The advent of next-generation sequencing technology has allowed the collection of vast amounts of genetic variation data. A recurring discovery from studying larger and larger samples of individuals had been the extreme, previously unexpected, excess of very rare genetic variants, which has been shown to be mostly due to the recent explosive growth of human populations. Here, we review recent literature that inferred recent changes in population size in different human populations and with different methodologies, with many pointing to recent explosive growth, especially in European populations for which more data has been available. We also review the state-of-the-art methods and software for the inference of historical population size changes that lead to these discoveries. Finally, we discuss the implications of recent population growth on personalized genomics, on purifying selection in the non-equilibrium state it entails and, as a consequence, on the genetic architecture underlying complex disease and the performance of mapping methods in discovering rare variants that contribute to complex disease risk.
Inference of Super-exponential Human Population Growth via Efficient Computation of the Site Frequency Spectrum for Generalized Models
The site frequency spectrum (SFS) and other genetic summary statistics are at the heart of many population genetic studies. Previous studies have shown that human populations have undergone a recent epoch of fast growth in effective population size. These studies assumed that growth is exponential, and the ensuing models leave an excess amount of extremely rare variants. This suggests that human populations might have experienced a recent growth with speed faster than exponential. Recent studies have introduced a generalized growth model where the growth speed can be faster or slower than exponential. However, only simulation approaches were available for obtaining summary statistics under such generalized models. In this study, we provide expressions to accurately and efficiently evaluate the SFS and other summary statistics under generalized models, which we further implement in a publicly available software. Investigating the power to infer deviation of growth from being exponential, we observed that adequate sample sizes facilitate accurate inference; e.g., a sample of 3000 individuals with the amount of data expected from exome sequencing allows observing and accurately estimating growth with speed deviating by ≥10% from that of exponential. Applying our inference framework to data from the NHLBI Exome Sequencing Project, we found that a model with a generalized growth epoch fits the observed SFS significantly better than the equivalent model with exponential growth (P-value [Formula: see text]). The estimated growth speed significantly deviates from exponential (P-value [Formula: see text]), with the best-fit estimate being of growth speed 12% faster than exponential.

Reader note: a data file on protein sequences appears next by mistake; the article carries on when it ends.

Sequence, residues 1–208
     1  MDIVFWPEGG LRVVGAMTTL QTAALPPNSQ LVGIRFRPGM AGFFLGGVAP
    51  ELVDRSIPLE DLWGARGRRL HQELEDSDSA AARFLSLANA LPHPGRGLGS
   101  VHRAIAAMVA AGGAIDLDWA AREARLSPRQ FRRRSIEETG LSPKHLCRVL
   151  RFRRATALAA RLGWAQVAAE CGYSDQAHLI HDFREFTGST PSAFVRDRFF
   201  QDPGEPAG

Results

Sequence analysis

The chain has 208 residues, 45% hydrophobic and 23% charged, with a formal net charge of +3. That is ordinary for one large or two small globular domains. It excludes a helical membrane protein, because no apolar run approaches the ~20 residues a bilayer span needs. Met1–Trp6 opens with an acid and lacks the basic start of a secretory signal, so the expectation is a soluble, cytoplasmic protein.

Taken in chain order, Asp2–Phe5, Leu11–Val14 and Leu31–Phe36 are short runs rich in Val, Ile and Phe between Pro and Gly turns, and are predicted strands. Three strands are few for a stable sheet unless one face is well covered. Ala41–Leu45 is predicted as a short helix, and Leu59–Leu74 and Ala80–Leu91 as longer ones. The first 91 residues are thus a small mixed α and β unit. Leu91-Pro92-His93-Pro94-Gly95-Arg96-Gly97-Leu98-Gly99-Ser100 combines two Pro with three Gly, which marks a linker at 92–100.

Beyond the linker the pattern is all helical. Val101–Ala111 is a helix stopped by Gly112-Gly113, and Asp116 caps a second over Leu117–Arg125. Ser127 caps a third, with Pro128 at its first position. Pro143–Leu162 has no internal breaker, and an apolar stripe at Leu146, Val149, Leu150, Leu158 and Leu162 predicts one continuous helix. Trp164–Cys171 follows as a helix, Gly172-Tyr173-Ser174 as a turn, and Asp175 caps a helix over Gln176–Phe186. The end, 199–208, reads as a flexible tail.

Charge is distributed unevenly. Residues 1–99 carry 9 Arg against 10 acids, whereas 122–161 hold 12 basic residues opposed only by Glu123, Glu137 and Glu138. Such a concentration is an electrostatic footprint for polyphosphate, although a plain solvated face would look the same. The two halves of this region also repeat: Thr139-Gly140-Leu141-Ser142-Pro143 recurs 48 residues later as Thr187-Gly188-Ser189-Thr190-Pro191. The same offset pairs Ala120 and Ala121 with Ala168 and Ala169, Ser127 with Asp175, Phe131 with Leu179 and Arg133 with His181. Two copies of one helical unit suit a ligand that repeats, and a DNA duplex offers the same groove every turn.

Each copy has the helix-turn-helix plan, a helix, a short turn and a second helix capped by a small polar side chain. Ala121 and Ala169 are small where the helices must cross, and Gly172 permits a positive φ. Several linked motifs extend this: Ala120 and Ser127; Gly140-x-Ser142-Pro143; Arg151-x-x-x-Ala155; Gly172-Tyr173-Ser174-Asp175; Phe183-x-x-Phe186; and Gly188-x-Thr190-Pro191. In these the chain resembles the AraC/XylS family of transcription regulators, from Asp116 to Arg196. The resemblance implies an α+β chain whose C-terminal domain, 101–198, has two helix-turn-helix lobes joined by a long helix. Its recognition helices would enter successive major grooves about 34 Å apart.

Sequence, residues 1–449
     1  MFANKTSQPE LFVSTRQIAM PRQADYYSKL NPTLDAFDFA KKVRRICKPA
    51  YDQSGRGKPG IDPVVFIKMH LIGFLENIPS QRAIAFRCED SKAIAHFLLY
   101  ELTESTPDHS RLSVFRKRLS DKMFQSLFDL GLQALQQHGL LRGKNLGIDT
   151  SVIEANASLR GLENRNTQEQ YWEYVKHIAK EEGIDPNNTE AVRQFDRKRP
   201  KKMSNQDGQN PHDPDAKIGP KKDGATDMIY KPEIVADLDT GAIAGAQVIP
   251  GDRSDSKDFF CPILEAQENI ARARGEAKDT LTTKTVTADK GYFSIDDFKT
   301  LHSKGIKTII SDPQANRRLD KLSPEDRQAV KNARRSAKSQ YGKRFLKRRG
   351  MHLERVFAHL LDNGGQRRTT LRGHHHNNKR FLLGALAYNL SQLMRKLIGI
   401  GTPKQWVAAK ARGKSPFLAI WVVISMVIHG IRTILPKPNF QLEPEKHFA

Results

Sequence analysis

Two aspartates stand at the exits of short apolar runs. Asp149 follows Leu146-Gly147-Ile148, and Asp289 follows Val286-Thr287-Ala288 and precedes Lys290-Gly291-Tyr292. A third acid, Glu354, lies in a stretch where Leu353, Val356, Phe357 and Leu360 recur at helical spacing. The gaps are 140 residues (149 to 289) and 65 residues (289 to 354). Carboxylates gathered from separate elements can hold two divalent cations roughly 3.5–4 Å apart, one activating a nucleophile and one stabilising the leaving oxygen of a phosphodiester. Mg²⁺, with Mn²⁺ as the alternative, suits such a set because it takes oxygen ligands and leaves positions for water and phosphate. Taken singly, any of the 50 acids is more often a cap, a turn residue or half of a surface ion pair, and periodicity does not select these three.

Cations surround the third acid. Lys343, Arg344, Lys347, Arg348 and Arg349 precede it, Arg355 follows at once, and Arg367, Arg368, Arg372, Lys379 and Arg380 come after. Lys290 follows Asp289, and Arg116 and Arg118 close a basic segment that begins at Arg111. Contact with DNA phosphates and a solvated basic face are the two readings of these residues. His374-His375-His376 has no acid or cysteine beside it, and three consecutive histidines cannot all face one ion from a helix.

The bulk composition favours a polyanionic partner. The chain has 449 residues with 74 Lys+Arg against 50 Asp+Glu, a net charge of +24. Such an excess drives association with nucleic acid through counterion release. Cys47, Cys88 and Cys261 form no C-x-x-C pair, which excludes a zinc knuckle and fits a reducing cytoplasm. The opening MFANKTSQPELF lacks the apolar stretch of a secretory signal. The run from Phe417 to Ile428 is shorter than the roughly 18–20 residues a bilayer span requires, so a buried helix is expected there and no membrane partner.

Keywords: coalescent; generalized models; human demographic history; population growth; software.
Background: Recent studies have shown that human populations have experienced a complex demographic history, including a recent epoch of rapid population growth that led to an excess in the proportion of rare genetic variants in humans today. This excess can impact the burden of private mutations for each individual, defined here as the proportion of heterozygous variants in each newly sequenced individual that are novel compared to another large sample of sequenced individuals.
Results: We calculated the burden of private mutations predicted by different demographic models, and compared with empirical estimates based on data from the NHLBI Exome Sequencing Project and data from the Neutral Regions (NR) dataset. We observed a significant excess in the proportion of private mutations in the empirical data compared with models of demographic history without a recent epoch of population growth. Incorporating recent growth into the model provides a much improved fit to empirical observations. This phenomenon becomes more marked for larger sample sizes, e.g. extrapolating to a scenario in which 10,000 individuals from the same population have been sequenced with perfect accuracy, still about 1 in 400 heterozygous sites (or about 6,000 variants) at the 10,001 st individual are predicted to be novel, 18-times as predicted in the absence of recent population growth. The proportion of private mutations is additionally increased by purifying selection, which differentially affect mutations of different functional annotations.